For Better or Worse, Lana Del Rey and the Weeknd’s “Lust for Life” Is a Lana Del Rey Song
Early word of Lana Del Rey’s new single “Lust for Life” made it sound like a future pop smash: a duet with chart darling the Weeknd (a.k.a. Abel Tesfaye), on a song conceived in consultation with hitmaker Max Martin. Would this, perhaps, be the song to push Del Rey out of the “indie” pop designation for good, toward a more Gaga-esque style of mainstream ubiquity?
Anyone who’s turned on a radio in the past two years knows Tesfaye’s voice by now, but from its first lines, “Lust for Life” is a Lana Del Rey song through and through. “Climb up the H / Of the Hollywood sign,” Del Rey intones in a thick, echoing whisper. The image is fantastic and a little ridiculous, which also describes “Lust for Life”—part self-determination anthem, part carpe noctem ballad, part fuck jam (“Take off, take off / Take off all of your clothes”). The verse and chorus melt together, crowded with harmonies and vaguely sci-fi synths. The song never quite crests, instead unfolding over an unhurried four and a half minutes.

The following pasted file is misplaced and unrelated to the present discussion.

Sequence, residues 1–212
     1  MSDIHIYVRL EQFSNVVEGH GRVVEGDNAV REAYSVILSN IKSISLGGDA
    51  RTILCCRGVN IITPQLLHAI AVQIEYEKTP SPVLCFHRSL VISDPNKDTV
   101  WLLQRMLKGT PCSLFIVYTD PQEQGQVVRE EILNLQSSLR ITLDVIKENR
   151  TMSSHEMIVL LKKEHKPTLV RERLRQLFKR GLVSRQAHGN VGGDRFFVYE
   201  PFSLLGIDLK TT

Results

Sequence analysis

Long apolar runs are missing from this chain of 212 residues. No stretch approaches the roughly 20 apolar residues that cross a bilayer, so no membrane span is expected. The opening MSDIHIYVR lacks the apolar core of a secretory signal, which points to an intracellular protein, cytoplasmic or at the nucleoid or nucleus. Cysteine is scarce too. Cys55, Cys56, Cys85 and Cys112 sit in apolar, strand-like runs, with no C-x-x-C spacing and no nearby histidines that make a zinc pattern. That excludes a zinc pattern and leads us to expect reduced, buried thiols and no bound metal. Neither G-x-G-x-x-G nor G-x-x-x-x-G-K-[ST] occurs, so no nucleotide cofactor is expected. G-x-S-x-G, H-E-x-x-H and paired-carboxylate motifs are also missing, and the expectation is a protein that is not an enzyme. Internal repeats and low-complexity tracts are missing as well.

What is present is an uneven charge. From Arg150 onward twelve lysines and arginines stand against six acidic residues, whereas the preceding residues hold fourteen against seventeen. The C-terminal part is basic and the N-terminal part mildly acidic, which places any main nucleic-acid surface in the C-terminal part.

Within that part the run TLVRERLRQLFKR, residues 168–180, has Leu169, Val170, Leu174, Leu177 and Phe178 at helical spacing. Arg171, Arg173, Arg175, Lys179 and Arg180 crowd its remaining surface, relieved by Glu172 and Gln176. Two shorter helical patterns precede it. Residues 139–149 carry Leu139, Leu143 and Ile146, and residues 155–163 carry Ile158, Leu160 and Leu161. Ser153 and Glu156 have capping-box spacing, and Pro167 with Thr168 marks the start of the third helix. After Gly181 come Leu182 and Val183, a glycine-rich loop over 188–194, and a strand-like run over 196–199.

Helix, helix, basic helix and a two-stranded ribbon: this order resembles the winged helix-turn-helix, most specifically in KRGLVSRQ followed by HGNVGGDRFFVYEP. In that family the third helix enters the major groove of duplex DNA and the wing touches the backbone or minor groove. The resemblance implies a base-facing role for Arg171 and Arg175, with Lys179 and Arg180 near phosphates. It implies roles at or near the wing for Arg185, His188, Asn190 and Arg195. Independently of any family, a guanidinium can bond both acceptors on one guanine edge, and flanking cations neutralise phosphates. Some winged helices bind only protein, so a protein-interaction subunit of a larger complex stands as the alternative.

When Tesfaye exclaims, “Gotta dance ’til we die,” “Lust for Life” displays a brief flash his own brand of nightclub nihilism (he’s also credited as a co-writer). But above all, it feels like a playground for Del Rey’s stylistic idiosyncrasies. The earnest totemiziation of the Hollywood sign and the gratuitous, winking references to vintage cultural touchstones are so patently LDR it’s almost a shame someone else invented them. Besides a title lifted from Iggy Pop, “Lust for Life” borrows from eternal girl-group classic “My Boyfriend’s Back,” reimagined and equally smug as, “My boyfriend’s back / And he’s cooler than ever.”
If you love Lana Del Rey, you find these self-created tropes endearing. You don’t care that rhyming “lust for life” with “keeps us alive” is fundamentally never going to work—sleek, smoky production goes a long way towards covering potential clunkiness, and in any case, you suspended disbelief long ago. I still prefer first single “Love” for its “Ride”-style subtlety, but who knows—maybe this one goes to radio.